HomeExpert AdviceArticleSam Griffith’s three easy steps to jumping clear

Sam Griffith’s three easy steps to jumping clear

Posted in Riding Schooling and Training Jumping

Badminton winner Sam Griffiths explains how to develop balance and straightness when jumping


Badminton winner Sam Griffiths explains how to develop balance and straightness when jumping

The quality of your horse’s canter and your ability to stay in balance with him are crucial to achieving that all-important clear round. When you watch top riders jump, you’ll see many different styles. From the forward American seat, where the rider remains out of the saddle between fences, to the more upright and military German style, which encourages a deeper seat until the horse takes off, and the multitude of variants in-between, it’s hard to know what’s the best option for you, but it’s important to keep in mind that the basics must remain consistent. Whatever position a top rider adopts, the common theme is that they don’t change their balance in front of a fence. This, more than anything else, is what you need to focus on. Your balance is intrinsically tied into your horse’s balance, but it can be tempting to ignore this and focus on adjusting his canter, when actually it’s probably your position that’s affecting his way of going.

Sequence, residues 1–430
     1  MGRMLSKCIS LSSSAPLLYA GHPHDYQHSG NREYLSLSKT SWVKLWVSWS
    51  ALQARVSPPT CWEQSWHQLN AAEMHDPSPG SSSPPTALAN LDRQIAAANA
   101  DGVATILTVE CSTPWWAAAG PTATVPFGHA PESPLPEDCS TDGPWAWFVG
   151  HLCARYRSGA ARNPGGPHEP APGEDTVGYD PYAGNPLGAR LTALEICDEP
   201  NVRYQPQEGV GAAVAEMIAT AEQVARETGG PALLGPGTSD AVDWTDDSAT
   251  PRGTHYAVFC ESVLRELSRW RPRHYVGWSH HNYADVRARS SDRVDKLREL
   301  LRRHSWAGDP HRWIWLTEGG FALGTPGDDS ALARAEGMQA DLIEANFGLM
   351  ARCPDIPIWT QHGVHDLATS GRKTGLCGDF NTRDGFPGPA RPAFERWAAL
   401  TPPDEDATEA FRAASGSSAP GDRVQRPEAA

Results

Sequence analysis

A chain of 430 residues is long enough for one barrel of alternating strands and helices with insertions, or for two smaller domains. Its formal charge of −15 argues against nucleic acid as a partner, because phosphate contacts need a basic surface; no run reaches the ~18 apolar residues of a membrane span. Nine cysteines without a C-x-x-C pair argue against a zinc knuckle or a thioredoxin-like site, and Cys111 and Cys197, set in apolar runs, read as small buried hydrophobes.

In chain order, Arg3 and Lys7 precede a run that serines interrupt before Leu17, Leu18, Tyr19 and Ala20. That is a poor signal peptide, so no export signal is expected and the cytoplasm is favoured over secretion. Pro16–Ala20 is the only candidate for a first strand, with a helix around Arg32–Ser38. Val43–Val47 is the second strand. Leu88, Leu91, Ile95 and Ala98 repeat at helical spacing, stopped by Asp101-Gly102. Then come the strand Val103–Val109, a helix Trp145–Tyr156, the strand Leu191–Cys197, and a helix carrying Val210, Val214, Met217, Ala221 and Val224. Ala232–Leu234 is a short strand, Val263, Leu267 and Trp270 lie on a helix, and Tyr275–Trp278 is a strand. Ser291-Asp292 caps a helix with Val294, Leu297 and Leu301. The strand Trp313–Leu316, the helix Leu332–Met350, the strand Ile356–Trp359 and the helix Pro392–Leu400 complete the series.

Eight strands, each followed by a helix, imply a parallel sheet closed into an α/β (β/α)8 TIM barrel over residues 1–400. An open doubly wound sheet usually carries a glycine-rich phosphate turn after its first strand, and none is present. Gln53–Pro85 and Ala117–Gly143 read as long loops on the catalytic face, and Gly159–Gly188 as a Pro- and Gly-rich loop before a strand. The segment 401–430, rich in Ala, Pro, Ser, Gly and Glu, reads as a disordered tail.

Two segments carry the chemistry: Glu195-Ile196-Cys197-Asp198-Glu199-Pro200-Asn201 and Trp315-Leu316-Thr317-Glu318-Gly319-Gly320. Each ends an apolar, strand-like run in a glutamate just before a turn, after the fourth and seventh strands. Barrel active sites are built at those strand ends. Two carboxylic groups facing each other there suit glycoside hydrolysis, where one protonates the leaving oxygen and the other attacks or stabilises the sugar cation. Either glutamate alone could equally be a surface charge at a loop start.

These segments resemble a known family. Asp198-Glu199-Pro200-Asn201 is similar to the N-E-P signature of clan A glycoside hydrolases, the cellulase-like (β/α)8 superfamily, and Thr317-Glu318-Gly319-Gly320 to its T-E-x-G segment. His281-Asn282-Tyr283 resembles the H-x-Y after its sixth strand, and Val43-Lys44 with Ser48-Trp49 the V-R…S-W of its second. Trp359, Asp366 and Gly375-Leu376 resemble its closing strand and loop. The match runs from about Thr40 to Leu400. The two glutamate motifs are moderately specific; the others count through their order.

Exercise 1

Trot through two poles, placed three strides (approximately 14m or 15 paces) apart. Next, canter through them. Focus on maintaining an even rhythm, staying relaxed and in balance with your horse. Finally, raise the second pole into a small jump, but don’t change the way you ride the exercise.

This exercise makes you think about your own centre of gravity, from working over poles through to jumping a single fence. It’s easy to anticipate a jump or push for a stride, but this causes you to bring your shoulders forward, which interrupts the flow of the fence and causes your horse to adjust his balance and striding, resulting in an awkward jump. By riding this exercise and staying conscious of not changing your approach once the poles have become a fence, you’ll learn to wait for the jump and the stride to come to you. This has the knock-on effect of encouraging your horse to wait and maintain a rhythm on the approach to a fence.

For more of Sam’s top tips and exercises to help you improve your jumping, get your copy of January Horse&Rider here, on sale 17 November.

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